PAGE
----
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Hypertension prevalence and influence of basal metabolic rate on blood pressure among adult students in Bangladesh

BMC Public HealthBMC series – open, inclusive and trusted201718:58

https://doi.org/10.1186/s12889-017-4617-9

Received: 24 April 2017

Accepted: 20 July 2017

Published: 25 July 2017

The Erratum to this article has been published in BMC Public Health 2017 17:736

Abstract

Background

Hypertension is a global health issue and is currently increasing at rapid pace in South Asian countries including Bangladesh. Although, some studies on hypertension have been conducted in Bangladesh, there is a lack of scientific evidence in the adult student population that was missing from the previous and recent national cross-sectional studies. Moreover, the specific risk factors of hypertension in the Bangladeshi adults still need to be investigated. This study was conducted to estimate hypertension prevalence among adult students in Bangladesh and to test the hypothesis of Luke et al. (Hypertension 43:555–560, 2004) that basal metabolic rate (BMR) and blood pressure are positively associated independent of body size.

Method

The data was collected on 184 adult university students (118 female and 66 male) in Dhaka, Bangladesh. Anthropometric, BMR details and an average of at least two blood pressure measurements were obtained. Hypertension was defined by a systolic blood pressure (SBP) ≥ 140 mmHg and/or, diastolic blood pressure (DBP) ≥ 90 mmHg.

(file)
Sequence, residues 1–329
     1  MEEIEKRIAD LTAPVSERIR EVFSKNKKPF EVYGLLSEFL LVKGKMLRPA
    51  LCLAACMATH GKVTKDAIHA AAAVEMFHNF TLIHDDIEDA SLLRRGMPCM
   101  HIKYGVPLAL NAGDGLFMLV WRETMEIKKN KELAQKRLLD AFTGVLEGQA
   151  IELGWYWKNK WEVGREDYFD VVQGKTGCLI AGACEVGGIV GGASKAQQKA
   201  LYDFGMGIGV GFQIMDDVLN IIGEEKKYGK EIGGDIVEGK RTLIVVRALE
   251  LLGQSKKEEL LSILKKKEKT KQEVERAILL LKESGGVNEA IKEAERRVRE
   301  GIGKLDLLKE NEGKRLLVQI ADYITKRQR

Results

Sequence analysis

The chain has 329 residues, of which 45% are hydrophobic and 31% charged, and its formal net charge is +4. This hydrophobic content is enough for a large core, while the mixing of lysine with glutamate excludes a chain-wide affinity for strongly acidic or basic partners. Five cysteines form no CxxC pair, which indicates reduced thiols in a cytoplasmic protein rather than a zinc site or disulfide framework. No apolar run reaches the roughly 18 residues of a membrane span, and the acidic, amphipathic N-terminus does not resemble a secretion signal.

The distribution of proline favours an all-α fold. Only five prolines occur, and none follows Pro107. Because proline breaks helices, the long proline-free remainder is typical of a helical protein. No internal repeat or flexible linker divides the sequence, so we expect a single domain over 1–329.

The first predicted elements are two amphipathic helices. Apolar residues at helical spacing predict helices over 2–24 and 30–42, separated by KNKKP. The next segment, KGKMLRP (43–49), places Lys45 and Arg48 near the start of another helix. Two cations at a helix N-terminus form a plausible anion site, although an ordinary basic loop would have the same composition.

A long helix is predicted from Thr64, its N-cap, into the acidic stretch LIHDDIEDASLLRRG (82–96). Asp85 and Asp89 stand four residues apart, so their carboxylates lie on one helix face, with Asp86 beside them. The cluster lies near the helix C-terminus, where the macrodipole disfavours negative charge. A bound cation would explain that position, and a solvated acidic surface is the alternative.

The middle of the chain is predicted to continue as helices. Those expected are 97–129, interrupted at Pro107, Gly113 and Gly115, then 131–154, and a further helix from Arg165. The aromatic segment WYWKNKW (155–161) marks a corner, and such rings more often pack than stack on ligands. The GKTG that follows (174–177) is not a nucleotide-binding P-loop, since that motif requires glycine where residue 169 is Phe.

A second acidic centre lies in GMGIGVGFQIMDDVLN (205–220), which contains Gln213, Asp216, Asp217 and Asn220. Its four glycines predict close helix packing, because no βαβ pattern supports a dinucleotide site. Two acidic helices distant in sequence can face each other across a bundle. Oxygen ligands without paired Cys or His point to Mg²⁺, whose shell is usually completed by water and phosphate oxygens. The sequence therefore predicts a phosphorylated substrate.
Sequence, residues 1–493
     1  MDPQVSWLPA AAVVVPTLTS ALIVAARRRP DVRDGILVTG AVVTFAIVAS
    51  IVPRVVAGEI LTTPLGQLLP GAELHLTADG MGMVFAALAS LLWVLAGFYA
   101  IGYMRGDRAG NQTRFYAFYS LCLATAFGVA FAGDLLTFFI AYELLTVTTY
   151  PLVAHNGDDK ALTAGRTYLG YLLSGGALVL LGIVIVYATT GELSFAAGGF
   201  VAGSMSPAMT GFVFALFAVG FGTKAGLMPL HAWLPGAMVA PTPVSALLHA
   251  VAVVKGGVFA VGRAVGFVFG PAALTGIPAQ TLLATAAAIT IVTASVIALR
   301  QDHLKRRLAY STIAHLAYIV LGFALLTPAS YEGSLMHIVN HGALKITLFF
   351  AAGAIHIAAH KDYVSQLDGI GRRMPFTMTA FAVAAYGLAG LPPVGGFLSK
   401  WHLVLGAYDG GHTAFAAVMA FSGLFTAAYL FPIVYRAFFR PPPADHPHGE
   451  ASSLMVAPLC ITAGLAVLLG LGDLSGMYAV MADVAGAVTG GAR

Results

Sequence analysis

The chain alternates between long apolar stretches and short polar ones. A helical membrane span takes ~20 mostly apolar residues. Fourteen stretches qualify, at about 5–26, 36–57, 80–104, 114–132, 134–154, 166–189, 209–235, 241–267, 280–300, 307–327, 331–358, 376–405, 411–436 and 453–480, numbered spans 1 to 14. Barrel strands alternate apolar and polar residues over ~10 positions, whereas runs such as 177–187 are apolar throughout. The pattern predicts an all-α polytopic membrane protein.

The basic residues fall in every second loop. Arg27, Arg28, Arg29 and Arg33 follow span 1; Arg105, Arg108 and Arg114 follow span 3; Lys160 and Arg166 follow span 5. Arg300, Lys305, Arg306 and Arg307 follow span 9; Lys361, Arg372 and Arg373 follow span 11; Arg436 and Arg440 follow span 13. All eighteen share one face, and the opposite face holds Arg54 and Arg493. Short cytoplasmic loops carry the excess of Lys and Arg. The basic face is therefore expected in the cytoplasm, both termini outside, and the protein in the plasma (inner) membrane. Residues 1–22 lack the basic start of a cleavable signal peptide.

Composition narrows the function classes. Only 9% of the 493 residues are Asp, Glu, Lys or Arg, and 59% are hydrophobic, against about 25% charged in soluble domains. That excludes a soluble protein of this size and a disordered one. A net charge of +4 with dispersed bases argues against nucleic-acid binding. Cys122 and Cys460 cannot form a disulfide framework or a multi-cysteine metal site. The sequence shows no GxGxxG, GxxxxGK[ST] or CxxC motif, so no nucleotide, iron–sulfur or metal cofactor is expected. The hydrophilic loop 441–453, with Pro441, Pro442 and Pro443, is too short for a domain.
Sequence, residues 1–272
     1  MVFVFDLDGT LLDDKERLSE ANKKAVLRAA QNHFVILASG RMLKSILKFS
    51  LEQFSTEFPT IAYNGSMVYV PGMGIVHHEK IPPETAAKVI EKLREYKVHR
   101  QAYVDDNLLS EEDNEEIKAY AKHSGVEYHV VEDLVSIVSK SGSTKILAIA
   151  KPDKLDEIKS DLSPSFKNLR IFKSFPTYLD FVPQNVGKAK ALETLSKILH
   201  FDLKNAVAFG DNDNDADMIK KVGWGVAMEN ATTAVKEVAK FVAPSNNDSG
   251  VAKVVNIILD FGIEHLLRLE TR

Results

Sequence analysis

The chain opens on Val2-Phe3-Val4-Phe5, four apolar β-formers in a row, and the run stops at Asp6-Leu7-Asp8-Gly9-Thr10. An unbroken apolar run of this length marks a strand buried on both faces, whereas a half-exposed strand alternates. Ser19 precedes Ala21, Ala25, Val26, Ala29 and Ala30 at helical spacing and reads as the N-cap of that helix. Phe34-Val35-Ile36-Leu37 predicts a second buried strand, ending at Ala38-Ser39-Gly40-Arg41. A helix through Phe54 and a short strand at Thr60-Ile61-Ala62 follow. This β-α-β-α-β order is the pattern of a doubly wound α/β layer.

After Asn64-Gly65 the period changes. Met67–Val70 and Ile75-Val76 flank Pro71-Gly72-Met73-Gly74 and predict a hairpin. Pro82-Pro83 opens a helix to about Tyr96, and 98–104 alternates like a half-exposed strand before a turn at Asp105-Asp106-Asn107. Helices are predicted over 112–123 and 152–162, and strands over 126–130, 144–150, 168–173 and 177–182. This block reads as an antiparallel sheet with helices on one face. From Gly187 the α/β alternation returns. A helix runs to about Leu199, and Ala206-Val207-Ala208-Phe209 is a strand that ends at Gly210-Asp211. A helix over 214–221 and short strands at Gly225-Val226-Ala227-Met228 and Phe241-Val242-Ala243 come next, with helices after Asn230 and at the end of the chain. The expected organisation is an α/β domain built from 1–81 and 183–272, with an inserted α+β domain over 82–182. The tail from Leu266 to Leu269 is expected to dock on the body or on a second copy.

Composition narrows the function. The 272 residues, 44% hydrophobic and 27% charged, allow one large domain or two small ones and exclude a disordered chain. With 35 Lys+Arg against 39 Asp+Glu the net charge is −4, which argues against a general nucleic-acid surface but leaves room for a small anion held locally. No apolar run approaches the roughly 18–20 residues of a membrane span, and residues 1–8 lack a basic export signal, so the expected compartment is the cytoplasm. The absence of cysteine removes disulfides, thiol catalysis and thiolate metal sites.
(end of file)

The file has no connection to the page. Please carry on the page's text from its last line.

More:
Results

Overall, 6.5% of participants had hypertension with significantly (p < 0.001) higher prevalence in male (12.1%) than in the female (3.4%) students. Age and BMI showed positive and significant correlation with hypertension among the students. When adjusted for body mass index (BMI), as well as other potentially confounding variables such as age, sex, smoking status and degree of urbanization, BMR was positively correlated with SBP and DBP (p < 0.001). Thus, higher BMR is associated with SBP and DBP; this is opposite the well documented inverse relationship between physical activity and blood pressure. If the influence of BMR on blood pressure is confirmed, the systematically elevated BMR might be an important predictor that can explain relatively high blood pressure and hypertension in humans.

Conclusion